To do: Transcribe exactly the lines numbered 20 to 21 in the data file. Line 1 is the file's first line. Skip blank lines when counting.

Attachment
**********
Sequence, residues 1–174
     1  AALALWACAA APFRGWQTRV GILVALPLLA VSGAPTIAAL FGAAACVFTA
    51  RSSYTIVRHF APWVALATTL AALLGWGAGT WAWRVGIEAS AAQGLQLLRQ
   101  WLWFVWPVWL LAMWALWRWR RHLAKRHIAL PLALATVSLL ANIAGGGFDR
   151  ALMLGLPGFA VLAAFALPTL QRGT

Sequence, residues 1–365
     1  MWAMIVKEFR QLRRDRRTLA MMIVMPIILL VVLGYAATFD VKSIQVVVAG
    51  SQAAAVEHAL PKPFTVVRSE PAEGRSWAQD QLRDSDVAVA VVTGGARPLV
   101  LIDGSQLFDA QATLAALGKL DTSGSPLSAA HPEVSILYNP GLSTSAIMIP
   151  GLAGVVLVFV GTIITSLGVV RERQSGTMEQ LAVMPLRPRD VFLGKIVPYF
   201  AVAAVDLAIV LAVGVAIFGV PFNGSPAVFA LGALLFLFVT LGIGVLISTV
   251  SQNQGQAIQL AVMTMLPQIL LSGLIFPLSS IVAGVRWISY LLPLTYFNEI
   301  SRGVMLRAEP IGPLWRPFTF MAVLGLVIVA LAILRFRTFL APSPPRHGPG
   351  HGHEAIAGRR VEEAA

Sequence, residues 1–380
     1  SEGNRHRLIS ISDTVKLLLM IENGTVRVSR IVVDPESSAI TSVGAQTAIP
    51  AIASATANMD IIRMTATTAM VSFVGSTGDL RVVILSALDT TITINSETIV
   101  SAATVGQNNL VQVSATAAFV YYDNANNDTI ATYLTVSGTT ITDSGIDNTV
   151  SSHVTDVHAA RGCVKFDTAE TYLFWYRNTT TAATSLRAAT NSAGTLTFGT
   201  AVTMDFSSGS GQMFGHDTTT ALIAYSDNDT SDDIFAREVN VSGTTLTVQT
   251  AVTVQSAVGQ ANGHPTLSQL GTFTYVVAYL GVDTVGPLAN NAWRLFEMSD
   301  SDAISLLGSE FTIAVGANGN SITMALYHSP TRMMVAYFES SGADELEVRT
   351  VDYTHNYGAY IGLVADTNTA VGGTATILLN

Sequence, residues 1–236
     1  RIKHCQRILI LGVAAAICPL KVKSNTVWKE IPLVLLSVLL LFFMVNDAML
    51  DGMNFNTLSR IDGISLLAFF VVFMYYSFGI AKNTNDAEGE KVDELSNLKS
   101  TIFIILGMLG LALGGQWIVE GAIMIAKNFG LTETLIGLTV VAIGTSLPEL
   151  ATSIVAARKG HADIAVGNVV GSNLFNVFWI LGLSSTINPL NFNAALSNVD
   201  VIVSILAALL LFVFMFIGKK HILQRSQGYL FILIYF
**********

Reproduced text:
   201  AVTMDFSSGS GQMFGHDTTT ALIAYSDNDT SDDIFAREVN VSGTTLTVQT
   251  AVTVQSAVGQ ANGHPTLSQL GTFTYVVAYL GVDTVGPLAN NAWRLFEMSD